SpaceX wins NASA contract to send cargo to lunar Gateway with new Dragon XL craft
NASA has tapped a type of SpaceX cargo craft that hasn’t yet been built to deliver supplies to a moon-orbiting outpost that hasn’t yet been launched.
SpaceX’s robotic Dragon XL, a cylindrical, supersized version of its workhorse Dragon spacecraft, will handle shipments to the Gateway space platform as the first commercial provider to receive a Gateway Logistics Services contract from NASA.
The contract is similar to NASA’s existing Commercial Resupply Services contracts with SpaceX, Northrop Grumman and Sierra Nevada Corp. for cargo shipments to the International Space Station.
NASA’s Artemis program calls for the first elements of the Gateway to go into lunar orbit in the early 2020s, leading up to a crewed moon landing by as early as 2024.
SpaceX’s Dragon XL cargo ships would be launched by the company’s Falcon Heavy rockets to deliver pressurized and unpressurized cargo, including science experiments and crew supplies. Each ship could carry more than 5 metric tons of cargo.
“This contract award is another critical piece of our plan to return to the moon sustainably,” NASA Administrator Jim Bridenstine said today in a news release. “The Gateway is the cornerstone of the long-term Artemis architecture, and this deep-space commercial cargo capability integrates yet another American industry partner into our plans for human exploration at the moon in preparation for a future mission to Mars.”
The Gateway Logistics Services program allows for multiple supply missions, with cargo ships spending six to 12 month hooked up to the Gateway for each mission.
NASA’s fixed-price contract is for indefinite delivery and indefinite quantity, but it guarantees two missions per provider, with a maximum total value of $7 billion across all contracts as additional missions are needed. NASA has as long as 12 years to order missions under the terms of the contract, with a 15-year performance period.
“Returning to the moon and supporting future space exploration requires affordable delivery of significant amounts of cargo,” said Gwynne Shotwell, SpaceX’s president and chief operating officer. “Through our partnership with NASA, SpaceX has been delivering scientific research and critical supplies to the International Space Station since 2012, and we are honored to continue the work beyond Earth’s orbit and carry Artemis cargo to Gateway.”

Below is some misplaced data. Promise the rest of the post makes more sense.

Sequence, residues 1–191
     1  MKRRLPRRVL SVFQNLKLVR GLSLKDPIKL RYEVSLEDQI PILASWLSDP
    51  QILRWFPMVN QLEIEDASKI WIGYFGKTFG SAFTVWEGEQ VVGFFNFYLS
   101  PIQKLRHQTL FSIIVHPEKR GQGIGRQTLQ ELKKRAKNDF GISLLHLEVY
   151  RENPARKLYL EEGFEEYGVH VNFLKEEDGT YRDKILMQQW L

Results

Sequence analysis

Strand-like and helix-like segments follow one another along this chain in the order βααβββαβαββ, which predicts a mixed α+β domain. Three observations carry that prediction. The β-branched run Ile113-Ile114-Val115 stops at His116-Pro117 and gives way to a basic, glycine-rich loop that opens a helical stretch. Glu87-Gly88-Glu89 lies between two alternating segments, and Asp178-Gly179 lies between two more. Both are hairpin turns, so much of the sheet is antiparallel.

Cargo supply contracts are likely to be awarded to other providers as the Artemis program progresses.
The coronavirus outbreak has forced NASA to hold up on some of the preparations for Artemis — including work on its heavy-lift Space Launch System rocket and Orion crew capsule at centers in Louisiana and Mississippi. But SpaceX is continuing its work on the Crew Dragon capsule in advance of its first crewed flight to the space station.
This week, SpaceX lost a spacecraft-like device when it was dropped from a helicopter, just before a planned test of the upgraded parachute system that’s destined for use on the Crew Dragon. The pilot jettisoned the device as a safety measure when it became unstable during an early stage of the flight, NASA reported.
SpaceX encountered a different sort of glitch last week, when one of the engines on its Falcon 9 rocket shut down prematurely during a Starlink satellite launch. NASA is participating in the investigation into that anomaly.
Despite those snags, NASA said it’s targeting mid- to late May for the first crewed Dragon mission.